Strawberry Fields | Woman in Real Life:The Art of the Everyday

Wednesday, July 6, 2011

Strawberry Fields

My mom says my siblings and I only remember the bad things about our childhoods. It’s true that we have often focused on the negative, but I also have many fond memories, particularly of summer—family camping trips in our tent and later in our pop-up trailer, car trips to Nova Scotia and, of course, strawberry picking expeditions. Hubby and I carry on those traditions with our kids because I know that they too will remember them fondly one day, and maybe think mom and dad did one or two things right. So, last week, we packed the kids kicking and screaming into the car and travelled to Spring View Farms in Uxbridge, Ontario to take advantage of the oh-so-brief strawberry season. Despite my dear son’s reluctance to make the trip, he was transformed as soon as we arrived. He enthusiastically sampled the two varieties of strawberries, proclaimed one a favourite and began filling his basket. We came home with seven litres of hand-picked chemical-free strawberries.

The question then became what to do with all of those strawberries. I was determined not to let a single one go to waste. I was also determined not to put in a huge amount of effort. I began by making simple strawberry jam in my bread maker. It takes much less sugar than regular recipes and lasts three weeks in the fridge. I went on to make strawberry sorbet in my new Hamilton Beach ice cream maker. This I served with Tal Ronnen’s delicious Chocolate Peanut Butter Cake. You might recall that he was Oprah’s chef during her 21-day vegan cleanse. You can find the recipe, which is definitely one of his easier ones, at Ronnen suggests pairing the cake with berry sorbet. At first I thought it was a strange combination, but my family loved the yummy peanut butter cake with the sweet sorbet. I also froze a bunch of strawberries to use for smoothies on those early mornings when we don’t quite feel like eating yet. Of course, I also left some strawberries in the fridge for plain old eatin’. Once, when I was up in my bedroom trying to get in a few moments of reading, I heard the fridge open and close about ten times, as my son grabbed one or two strawberries at a time and ate them (unwashed of course).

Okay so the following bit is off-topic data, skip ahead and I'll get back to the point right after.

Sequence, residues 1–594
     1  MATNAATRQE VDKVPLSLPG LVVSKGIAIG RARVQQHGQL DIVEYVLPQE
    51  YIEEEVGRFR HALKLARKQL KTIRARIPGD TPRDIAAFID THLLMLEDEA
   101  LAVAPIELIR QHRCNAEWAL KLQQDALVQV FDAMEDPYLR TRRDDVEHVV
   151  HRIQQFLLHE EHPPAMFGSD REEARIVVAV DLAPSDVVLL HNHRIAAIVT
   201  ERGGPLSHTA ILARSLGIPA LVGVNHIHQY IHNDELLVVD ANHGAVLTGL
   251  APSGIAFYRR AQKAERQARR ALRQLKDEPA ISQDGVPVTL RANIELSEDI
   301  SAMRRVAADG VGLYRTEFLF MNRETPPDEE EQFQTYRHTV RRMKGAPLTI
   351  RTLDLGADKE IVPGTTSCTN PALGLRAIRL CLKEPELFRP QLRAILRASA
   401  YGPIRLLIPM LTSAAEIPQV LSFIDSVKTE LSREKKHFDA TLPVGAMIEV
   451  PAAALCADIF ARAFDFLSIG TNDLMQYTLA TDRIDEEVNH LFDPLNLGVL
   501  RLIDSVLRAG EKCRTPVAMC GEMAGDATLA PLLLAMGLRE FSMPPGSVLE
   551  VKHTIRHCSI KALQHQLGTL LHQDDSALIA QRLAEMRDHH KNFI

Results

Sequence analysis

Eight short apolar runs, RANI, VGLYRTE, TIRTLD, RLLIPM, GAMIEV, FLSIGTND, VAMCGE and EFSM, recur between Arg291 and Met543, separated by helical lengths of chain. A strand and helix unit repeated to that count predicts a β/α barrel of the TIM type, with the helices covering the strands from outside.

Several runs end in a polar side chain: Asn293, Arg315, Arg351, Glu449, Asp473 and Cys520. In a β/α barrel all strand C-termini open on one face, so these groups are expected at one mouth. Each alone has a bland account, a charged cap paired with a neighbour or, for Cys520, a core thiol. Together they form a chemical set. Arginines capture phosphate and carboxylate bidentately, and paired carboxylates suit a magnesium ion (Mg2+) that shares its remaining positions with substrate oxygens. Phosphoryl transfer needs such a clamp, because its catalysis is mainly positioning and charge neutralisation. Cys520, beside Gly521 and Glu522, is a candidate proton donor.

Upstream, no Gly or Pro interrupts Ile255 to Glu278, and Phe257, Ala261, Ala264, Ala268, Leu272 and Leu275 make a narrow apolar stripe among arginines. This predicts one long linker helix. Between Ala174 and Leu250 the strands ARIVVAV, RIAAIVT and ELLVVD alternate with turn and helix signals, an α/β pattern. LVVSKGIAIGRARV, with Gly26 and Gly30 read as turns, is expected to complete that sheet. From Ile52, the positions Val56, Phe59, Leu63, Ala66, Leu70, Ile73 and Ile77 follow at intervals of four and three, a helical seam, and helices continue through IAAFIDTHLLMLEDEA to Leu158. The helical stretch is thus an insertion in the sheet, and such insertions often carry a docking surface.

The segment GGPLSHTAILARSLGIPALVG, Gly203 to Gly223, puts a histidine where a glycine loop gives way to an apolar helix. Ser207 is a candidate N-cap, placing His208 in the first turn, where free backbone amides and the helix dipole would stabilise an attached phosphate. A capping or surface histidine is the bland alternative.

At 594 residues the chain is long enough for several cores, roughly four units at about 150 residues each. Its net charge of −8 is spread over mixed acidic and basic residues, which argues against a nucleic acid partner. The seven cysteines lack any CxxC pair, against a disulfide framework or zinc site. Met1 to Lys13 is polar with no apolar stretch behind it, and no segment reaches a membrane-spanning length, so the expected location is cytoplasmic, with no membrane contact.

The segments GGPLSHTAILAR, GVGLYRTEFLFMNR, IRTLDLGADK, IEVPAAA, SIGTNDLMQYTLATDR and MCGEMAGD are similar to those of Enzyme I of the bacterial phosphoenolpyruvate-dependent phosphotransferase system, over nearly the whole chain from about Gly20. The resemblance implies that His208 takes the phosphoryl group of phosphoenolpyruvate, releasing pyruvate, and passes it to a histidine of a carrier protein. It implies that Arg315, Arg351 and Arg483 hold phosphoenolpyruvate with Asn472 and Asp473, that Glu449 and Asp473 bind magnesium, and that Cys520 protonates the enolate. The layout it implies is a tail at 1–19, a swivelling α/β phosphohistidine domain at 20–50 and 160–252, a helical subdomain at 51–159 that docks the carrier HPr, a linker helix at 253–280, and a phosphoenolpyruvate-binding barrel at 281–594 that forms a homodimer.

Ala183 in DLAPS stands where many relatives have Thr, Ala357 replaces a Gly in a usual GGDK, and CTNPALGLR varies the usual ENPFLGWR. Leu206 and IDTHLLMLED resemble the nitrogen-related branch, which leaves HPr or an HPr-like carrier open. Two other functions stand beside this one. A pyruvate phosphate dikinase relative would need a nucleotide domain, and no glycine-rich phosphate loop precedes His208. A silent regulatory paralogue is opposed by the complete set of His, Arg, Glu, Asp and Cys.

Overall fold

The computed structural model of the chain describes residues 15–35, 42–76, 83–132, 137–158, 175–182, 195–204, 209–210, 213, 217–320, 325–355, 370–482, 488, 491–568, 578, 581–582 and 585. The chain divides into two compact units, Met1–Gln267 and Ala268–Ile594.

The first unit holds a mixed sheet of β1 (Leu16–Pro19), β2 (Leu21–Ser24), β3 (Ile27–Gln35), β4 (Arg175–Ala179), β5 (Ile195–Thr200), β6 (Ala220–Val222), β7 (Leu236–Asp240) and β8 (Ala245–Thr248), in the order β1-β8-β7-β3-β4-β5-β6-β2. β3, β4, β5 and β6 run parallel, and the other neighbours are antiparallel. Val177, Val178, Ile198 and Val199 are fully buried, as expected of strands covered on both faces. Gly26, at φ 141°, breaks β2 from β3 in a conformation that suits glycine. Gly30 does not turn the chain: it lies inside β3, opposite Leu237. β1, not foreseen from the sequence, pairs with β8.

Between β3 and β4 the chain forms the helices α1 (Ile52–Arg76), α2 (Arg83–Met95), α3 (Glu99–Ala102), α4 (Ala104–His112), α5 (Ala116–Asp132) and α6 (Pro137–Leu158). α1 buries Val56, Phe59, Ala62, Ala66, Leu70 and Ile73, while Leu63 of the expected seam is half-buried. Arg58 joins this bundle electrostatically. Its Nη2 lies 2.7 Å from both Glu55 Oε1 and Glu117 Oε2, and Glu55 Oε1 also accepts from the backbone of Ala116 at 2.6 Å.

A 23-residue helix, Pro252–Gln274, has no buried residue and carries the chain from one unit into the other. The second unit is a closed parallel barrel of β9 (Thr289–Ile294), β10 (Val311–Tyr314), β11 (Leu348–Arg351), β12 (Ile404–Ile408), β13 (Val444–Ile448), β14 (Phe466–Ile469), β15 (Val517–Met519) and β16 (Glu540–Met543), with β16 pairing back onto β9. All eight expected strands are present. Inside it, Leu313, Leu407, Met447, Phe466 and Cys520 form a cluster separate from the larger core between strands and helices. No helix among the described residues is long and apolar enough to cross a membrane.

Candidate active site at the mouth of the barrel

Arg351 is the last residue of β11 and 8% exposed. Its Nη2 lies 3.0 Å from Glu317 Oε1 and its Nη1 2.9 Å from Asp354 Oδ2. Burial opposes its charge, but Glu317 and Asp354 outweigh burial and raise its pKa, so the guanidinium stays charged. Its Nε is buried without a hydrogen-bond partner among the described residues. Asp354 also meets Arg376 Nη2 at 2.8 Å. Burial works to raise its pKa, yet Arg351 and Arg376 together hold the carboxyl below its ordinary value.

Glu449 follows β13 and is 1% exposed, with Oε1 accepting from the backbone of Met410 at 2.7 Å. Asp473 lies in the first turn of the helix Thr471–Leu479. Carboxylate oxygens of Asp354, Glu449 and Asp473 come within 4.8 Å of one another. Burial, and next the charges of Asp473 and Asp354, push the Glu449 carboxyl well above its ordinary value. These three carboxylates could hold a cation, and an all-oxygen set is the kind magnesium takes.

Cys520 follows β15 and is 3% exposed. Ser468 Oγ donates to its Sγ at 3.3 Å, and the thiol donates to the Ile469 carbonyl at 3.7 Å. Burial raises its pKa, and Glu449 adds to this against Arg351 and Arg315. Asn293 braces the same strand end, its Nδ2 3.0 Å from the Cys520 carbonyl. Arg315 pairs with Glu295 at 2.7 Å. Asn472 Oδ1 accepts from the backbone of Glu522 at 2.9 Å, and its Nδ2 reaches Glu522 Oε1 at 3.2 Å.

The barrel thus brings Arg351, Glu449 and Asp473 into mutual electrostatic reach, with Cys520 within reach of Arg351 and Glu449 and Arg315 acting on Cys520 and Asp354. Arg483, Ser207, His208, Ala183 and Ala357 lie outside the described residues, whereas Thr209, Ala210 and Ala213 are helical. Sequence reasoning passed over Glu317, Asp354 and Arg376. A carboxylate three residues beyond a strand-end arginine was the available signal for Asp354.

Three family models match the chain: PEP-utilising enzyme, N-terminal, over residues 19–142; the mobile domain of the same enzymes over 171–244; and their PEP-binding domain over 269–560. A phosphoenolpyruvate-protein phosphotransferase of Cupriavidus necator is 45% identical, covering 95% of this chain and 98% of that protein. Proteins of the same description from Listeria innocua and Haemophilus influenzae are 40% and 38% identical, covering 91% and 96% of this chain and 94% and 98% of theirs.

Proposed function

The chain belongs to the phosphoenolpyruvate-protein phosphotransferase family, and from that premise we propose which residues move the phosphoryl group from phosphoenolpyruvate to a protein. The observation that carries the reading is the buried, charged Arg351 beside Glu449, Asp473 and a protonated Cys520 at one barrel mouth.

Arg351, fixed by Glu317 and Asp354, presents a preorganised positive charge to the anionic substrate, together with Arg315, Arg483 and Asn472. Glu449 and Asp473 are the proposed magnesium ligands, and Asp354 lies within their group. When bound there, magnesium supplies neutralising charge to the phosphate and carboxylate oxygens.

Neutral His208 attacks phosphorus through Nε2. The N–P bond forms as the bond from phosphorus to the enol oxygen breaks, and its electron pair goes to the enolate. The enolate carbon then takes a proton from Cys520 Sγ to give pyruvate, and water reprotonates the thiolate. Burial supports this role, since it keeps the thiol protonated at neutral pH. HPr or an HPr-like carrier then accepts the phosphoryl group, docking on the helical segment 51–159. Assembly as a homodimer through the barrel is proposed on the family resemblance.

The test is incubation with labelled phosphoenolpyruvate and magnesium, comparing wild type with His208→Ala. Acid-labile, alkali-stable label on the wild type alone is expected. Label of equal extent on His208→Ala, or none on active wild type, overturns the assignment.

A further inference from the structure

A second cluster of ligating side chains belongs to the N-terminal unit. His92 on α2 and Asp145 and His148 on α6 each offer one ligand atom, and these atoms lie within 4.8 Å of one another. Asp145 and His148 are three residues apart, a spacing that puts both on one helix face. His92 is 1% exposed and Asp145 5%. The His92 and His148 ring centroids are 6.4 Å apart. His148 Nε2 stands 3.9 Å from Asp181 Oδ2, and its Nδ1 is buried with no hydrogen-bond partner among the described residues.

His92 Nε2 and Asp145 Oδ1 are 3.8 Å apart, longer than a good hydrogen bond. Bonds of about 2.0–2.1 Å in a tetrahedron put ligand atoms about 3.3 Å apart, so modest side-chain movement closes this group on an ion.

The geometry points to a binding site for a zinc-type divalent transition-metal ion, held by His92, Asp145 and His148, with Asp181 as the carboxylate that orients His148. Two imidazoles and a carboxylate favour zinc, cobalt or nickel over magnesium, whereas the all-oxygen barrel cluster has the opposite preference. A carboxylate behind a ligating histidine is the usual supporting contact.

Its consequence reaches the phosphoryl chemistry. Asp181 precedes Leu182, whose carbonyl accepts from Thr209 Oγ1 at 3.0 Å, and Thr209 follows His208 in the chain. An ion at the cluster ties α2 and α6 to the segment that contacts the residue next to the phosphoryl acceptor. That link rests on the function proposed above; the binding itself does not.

Next up, raspberries.

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